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|Title :||The Undiscovered Country||Rating :|
|Number :||VI||Stardate :||9521.6|
|First Aired :||1991||Year :||2293|
|Director :||Nicholas Meyer|
|Writers :||Lawrence Konner, Leonard Nimoy, Marc Rosenthal|
|Main Cast :||
|Guest Cast :||
|YATI :||Although Valeris is only a Lieutenant she is wearing a commanders insignia.
So when Kirk is making his log entry about not trusting the Klingons, he turns around to find Valeris standing at the door listening, prompting him to complain that she "could have knocked". Huh? The doors on the ship are automatic - they open when you approach them, and then close automatically behind you, making a hissing noise each time. So wouldn't Kirk and the audience have heard the noise as his doors slid open? Worse still, these are his personal quarters - and we've seen that the doors on personal quarters don't open automatically, you have to ring a doorbell and wait for somebody inside to let you in. So how did Valeris even get the door open at all?
A point is made here that firing weapons on kill anywhere on the ship will set off alarms. To demonstrate this, Valeris pulls a hand phaser out from a wall box in the kitchen and vapourises a pot. So... they have a weapons locker in the kitchen? Those chefs must have to deal with some really hardcore food critics! And why does Chekov, a veteran Commander with almost thirty years in space under his belt, and the ship's chief tactical officer, need this explained to him by a Lieutenant?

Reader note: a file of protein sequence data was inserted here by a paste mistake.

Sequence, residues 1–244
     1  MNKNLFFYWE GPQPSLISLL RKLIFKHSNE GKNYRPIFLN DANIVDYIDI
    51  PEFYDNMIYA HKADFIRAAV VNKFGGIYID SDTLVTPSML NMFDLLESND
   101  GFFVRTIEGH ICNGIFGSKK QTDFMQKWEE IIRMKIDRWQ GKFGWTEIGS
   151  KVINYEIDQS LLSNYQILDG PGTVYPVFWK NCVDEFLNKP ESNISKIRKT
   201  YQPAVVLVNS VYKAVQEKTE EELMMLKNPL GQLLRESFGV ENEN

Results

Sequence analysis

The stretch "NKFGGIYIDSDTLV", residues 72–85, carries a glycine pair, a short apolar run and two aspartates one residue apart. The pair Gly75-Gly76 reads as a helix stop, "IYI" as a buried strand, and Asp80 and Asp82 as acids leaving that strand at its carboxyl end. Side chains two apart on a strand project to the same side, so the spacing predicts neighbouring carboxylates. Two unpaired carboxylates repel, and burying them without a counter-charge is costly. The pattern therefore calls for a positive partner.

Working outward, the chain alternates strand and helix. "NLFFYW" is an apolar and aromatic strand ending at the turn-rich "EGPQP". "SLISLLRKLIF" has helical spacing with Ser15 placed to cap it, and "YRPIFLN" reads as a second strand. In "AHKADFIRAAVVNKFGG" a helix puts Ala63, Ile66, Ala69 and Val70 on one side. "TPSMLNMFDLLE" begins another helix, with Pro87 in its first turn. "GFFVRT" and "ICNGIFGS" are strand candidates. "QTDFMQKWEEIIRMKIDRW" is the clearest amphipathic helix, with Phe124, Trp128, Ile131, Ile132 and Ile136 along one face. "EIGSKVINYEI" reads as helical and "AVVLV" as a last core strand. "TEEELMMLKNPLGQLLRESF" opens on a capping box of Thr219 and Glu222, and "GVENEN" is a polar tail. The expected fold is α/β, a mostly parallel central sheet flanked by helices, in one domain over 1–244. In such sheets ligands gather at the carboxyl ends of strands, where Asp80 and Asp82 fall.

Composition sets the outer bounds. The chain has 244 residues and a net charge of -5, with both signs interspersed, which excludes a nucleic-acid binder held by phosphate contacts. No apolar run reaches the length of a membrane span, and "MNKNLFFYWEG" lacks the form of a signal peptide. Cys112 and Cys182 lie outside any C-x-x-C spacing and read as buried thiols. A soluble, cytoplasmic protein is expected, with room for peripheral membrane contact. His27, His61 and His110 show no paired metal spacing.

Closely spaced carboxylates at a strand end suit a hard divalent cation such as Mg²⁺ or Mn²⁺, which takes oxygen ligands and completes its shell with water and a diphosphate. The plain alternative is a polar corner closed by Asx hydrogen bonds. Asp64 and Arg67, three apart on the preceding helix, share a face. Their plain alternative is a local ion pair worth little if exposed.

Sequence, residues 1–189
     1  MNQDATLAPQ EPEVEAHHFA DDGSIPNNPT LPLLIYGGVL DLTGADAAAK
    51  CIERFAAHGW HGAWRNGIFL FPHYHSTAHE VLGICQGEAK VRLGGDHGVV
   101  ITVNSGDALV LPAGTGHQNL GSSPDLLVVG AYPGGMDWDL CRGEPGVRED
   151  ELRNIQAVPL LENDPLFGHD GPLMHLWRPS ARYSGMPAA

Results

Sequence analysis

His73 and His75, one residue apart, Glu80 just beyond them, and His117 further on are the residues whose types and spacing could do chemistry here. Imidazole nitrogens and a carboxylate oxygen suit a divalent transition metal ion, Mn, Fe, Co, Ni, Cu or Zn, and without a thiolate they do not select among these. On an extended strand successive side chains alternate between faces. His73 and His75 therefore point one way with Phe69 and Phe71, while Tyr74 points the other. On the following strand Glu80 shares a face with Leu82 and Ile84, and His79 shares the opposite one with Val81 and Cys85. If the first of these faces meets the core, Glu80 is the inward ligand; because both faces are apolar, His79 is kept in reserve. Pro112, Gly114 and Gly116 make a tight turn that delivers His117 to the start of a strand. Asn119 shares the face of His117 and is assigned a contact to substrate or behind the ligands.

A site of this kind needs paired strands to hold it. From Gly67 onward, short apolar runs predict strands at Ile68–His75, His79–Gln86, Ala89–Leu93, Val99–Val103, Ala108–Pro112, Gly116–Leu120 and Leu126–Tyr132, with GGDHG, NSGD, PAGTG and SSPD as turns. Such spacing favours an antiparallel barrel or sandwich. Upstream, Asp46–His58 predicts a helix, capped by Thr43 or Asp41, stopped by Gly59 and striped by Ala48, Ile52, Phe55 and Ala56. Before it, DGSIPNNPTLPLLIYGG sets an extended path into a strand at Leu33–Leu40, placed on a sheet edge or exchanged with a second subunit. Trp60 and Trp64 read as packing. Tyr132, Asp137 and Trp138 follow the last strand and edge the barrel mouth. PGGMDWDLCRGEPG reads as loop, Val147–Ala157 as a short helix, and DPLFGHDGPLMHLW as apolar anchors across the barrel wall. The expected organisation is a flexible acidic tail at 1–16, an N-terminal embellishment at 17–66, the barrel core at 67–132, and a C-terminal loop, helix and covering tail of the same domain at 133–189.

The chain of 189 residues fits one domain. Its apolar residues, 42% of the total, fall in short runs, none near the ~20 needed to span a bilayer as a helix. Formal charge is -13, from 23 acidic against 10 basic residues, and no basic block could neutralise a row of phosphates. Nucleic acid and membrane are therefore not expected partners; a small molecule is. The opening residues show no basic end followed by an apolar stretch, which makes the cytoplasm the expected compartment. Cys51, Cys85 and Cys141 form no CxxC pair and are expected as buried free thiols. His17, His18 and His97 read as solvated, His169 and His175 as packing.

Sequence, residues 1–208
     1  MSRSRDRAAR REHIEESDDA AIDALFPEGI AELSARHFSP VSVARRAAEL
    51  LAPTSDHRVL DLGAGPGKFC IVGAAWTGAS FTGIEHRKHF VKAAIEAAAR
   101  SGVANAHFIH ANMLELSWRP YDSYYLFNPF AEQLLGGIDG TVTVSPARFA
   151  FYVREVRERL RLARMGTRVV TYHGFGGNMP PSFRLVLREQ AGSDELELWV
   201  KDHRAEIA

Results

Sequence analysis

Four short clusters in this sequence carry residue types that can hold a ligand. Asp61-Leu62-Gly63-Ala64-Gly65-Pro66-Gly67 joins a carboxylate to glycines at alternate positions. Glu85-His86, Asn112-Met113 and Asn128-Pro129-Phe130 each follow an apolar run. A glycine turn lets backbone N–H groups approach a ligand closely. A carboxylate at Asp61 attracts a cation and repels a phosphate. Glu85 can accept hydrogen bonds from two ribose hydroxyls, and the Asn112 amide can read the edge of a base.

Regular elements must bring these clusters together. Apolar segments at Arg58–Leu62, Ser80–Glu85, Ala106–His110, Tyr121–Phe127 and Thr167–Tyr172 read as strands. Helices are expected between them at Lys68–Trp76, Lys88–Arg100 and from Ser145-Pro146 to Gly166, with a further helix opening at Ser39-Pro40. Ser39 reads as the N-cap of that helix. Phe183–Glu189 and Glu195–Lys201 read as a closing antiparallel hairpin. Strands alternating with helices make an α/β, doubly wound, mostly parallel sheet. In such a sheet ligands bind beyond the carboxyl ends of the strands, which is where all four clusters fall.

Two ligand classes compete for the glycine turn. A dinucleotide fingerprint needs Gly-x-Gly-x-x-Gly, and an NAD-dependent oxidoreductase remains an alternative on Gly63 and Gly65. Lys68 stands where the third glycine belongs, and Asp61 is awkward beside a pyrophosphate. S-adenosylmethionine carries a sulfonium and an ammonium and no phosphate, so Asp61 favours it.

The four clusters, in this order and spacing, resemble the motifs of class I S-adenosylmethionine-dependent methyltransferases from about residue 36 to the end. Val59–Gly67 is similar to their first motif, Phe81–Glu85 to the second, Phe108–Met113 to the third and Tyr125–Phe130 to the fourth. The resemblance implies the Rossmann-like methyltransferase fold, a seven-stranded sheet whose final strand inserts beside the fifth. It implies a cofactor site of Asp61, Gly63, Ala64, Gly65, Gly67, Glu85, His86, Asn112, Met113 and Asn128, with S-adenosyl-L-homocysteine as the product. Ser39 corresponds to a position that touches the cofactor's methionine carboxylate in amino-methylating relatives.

In his quarters, Spock wonders aloud to Kirk if it's possible that "we two, you and I, have grown so old and so inflexible that we have outlived our usefulness?" Um, Spock is only sixty three. Whilst that's getting on a bit for a Human, Spock is half Vulcan and can expect to live well over a century. And indeed, we will see that he is still perfectly capable of being active and useful in the TNG era, when he's more than double the age he is here.
Okay this isn't a nit as such, but when the Enterprise is approaching Khittomer, Kirk asks Spock if they are there yet and Spock replies "Not yet, Captain. In two minutes... one fifty eight." Seriously, does he really feel it necessary to update everybody on their ETA after two seconds? And he continues in this way a few moments later... giving updates on the time every three or four seconds. This is rendered even more absurd by the fact that, for the first time ever, there are prominent digital clocks mounted on the walls of the bridge, all of which display the time to the second.
|Great Moment :||Kirk's final log entry.|
|Body Count :||Probably lots of people on Praxis that we don't see. Several Klingons and Gorkon on Kronos One, one prisoner on Rura Pente, Martia, Burke and Samno, Chang and his crew, plus a Klingon assassin (who turns out to be Colonel West in the video version).|
|Factoid :||The Undiscovered Country was originally supposed to be the title of Star Trek II.
Rene Auberjoinis, who plays Colonel West, would of course go on to play Odo in Deep Space Nine.
The speech made by the warden outside of the Rura Penthe dilithium mine is taken almost word for word from "War and Peace", where Rura Penthe was a prison in Siberia. The only difference is regarding the electromagnetic shield around the prison!